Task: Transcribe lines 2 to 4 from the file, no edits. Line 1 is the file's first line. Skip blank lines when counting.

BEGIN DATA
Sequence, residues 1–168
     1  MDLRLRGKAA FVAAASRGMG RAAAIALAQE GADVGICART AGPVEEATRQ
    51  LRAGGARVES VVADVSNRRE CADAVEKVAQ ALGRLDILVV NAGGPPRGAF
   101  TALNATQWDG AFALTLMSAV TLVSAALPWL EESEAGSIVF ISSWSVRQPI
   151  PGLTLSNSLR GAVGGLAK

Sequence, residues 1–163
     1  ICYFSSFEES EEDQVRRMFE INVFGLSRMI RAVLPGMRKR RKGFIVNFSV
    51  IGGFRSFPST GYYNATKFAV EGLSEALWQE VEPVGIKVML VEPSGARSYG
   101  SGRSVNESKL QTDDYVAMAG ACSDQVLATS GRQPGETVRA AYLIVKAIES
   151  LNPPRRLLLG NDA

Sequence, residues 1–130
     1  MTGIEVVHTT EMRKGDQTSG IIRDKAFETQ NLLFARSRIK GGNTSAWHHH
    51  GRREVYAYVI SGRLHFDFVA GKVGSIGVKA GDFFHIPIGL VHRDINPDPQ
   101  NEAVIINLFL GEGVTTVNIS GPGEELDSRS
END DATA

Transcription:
     1  MDLRLRGKAA FVAAASRGMG RAAAIALAQE GADVGICART AGPVEEATRQ
    51  LRAGGARVES VVADVSNRRE CADAVEKVAQ ALGRLDILVV NAGGPPRGAF
   101  TALNATQWDG AFALTLMSAV TLVSAALPWL EESEAGSIVF ISSWSVRQPI